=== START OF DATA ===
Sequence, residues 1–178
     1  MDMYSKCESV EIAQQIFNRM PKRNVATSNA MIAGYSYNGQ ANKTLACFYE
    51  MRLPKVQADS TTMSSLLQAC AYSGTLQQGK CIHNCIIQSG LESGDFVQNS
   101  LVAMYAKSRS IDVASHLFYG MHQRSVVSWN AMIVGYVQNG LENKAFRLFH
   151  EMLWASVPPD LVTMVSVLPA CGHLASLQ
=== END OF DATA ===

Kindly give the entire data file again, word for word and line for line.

Sequence, residues 1–178
     1  MDMYSKCESV EIAQQIFNRM PKRNVATSNA MIAGYSYNGQ ANKTLACFYE
    51  MRLPKVQADS TTMSSLLQAC AYSGTLQQGK CIHNCIIQSG LESGDFVQNS
   101  LVAMYAKSRS IDVASHLFYG MHQRSVVSWN AMIVGYVQNG LENKAFRLFH
   151  EMLWASVPPD LVTMVSVLPA CGHLASLQ